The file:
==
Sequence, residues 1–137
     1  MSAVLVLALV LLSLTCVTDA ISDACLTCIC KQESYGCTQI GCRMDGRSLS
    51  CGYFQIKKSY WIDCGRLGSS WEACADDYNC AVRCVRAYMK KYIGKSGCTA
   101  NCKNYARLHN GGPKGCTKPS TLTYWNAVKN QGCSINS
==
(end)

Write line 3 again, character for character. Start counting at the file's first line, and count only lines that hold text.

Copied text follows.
    51  CGYFQIKKSY WIDCGRLGSS WEACADDYNC AVRCVRAYMK KYIGKSGCTA